"Where can you have lunch?"
Translation:Hol tudsz ebédelni?
Oh, but maybe the confusion may come from the word "tudni". It is used for both "know" and "can" (be able) in Hungarian.
I can read. - Tudok olvasni.
The formula is "tudni" with conjugation plus a verb in the infinitive form.
When the verb has a preverb, then the conjugated form of "tudni" comes between the preverb and the verb:
El tudom olvasni.
Oda tudok menni.
Fel tudsz állni?
Meg tudjátok csinálni?
When these things are negated, then the "tud" part is negated and the verb fuses again:
Nem tudom elolvasni.
Nem tudok odamenni.
Nem tudsz felállni?
Nem tudjátok megcsinálni?
Ditto KrisWD's comment. Tudni is often glossed as "to know; to know how to do something". Knowing how to do something is a little like being able to do it -- but it's very different from "can", and it really didn't make sense in the context of the sentence "Where can you have lunch?"
Yes, OK. Well, it means both "to know" and "to be able to". I said it somewhere else: all meanings of "can" are not covered by "tudni" though! I would say as far as "can" can be replaced with "be able to", "tudni" also covers "can".
Meanings of "can" that are not covered have to do mostly with permission. As in "you can have it", "come on, you can't do that", etc. These are covered mostly by the "-hat"/"-het" suffix that you attach to the verb before the personal suffix.
"meg tudod csinálni" - you can (are able to) do it
"megcsinálHATod" - you can (may or are permitted to) do it
"Ezt nem csinálhatod velem!" - you can't do this to me!
"A tiéd lehet" - you can have it (literally: it can (is allowed to) be yours)
Replying here as we reached the bottom of the reply tree. Yes, that is correct, "tudni" is used for both.
I can say "nem tudok úszni", because I have never learned how to swim or because I do not have the time. Or because I broke my leg. The same way as you can say them all with "can".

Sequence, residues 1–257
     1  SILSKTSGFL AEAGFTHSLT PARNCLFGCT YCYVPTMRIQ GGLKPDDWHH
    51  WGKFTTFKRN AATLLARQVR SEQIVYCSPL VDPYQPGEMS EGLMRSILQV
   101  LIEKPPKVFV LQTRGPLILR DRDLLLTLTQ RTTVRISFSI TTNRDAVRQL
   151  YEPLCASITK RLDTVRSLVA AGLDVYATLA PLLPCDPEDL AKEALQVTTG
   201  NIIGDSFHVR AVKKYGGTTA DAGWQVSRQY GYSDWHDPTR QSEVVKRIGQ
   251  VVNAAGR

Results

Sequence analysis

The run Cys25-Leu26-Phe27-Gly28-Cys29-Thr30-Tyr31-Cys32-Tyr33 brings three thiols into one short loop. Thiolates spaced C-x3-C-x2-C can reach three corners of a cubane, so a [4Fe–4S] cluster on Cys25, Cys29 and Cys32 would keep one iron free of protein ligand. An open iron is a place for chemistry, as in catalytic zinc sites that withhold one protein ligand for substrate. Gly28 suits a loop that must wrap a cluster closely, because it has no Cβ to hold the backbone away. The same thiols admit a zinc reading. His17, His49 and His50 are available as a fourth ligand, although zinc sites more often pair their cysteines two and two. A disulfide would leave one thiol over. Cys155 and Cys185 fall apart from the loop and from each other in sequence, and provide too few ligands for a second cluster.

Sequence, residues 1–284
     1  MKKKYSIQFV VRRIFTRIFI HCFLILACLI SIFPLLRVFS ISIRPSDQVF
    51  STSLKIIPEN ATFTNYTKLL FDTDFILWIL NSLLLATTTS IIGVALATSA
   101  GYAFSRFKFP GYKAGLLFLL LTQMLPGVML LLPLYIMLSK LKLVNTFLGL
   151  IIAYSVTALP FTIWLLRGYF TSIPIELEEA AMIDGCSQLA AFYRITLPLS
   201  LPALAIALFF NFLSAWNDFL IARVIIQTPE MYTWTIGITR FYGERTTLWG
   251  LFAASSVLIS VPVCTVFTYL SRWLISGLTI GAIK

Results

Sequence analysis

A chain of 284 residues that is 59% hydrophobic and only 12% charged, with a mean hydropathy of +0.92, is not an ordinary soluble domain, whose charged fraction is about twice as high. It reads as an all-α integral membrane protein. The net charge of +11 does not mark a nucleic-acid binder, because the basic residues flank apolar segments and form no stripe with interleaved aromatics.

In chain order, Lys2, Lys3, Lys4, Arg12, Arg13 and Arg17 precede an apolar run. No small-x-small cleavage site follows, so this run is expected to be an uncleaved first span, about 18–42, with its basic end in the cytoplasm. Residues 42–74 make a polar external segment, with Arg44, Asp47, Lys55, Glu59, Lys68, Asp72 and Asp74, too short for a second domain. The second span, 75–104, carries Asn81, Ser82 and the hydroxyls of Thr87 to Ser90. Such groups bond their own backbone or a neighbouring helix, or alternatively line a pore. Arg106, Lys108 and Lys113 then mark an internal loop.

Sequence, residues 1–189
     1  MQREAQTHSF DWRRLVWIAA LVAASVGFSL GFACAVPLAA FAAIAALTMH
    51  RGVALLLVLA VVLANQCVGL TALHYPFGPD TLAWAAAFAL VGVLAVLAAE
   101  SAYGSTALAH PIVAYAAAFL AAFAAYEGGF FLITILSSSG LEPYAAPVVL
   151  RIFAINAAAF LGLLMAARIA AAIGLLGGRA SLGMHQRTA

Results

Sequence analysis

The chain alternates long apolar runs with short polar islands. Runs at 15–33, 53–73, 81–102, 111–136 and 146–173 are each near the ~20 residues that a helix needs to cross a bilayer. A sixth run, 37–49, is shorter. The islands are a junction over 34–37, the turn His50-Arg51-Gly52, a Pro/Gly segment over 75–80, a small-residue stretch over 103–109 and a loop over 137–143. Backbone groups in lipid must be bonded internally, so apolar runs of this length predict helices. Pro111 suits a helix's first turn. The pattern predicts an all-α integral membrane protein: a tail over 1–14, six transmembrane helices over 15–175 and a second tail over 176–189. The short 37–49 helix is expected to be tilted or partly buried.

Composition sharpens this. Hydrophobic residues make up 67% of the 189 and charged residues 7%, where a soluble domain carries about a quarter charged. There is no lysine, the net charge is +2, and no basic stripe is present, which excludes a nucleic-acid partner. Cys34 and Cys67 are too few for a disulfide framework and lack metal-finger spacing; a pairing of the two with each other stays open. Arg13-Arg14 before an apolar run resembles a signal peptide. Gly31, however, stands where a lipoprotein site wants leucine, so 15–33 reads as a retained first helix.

And if you need to clarify what you are talking about, then you simply explain: I know how to swim but I don't have time right now. Or I broke my leg.
You can say "I can (am able to) swim, but I can't right now." Something like that.
"Tudok úszni, csak most nem tudok." - I can swim, only now I can't.
"Tudok úszni, csak nem érek rá." - I can swim, only I don't have the time. "Nem érek rá" is a common way of saying "I don't have time (right now)".
"Tudok úszni, de eltörött a lábam." - I can swim but my leg is broken.
ErikAnderson3 - sorry for the late reply. I would say this "tudni" thing is really ambiguous. Yes, there is an ability part of it, there is also a learned part of it, and there is a current condition part of it. "Tudni" can cover any and all of it. It depends on the actual activity, context, and who knows what else.
Yes, if my leg was broken, I could say "Nem tudok futni."
And how about this one: I can read (because I learned how to read) but I cannot read in the dark.
"Tudok olvasni, de sötétben nem tudok (olvasni)."
This is really quite as ambiguous as "can" is.
And there are some verbs where we don't use "tudni" at all. Or only in some specific meaning. Most importantly, with hearing and seeing.
"I don't/can't see/hear." - "Nem látok/hallok."
And this topic is even more complex, but those are really fine details, better learned in real life, talking to people.
(Oh, and I just realized that I had replied already. Oh well, this is another take on the same.)
Excellent additional detail, thank you. So tudó is both "knowing something" and "being able to do something, having the ability to do something". There is some overlap, in the sense of "knowing how to do something", but the underlying "ability" sense is separate from knowledge. Is that correct? For example, would you say "nem tudok futni" if your leg was broken?
First off, let's agree that having lunch is not a matter of ability anyway. Besides, the tud version sounds more practical. "I can organize my business so that we have lunch together" while the hat version is more like "nothing really contradicts this, there is a greater than zero probability, I'm allowed..." So, when you make an offer, you may go with the second, picturing the possibility, while if you were asked to do so, you may prefer the first, expressing that you can manage it.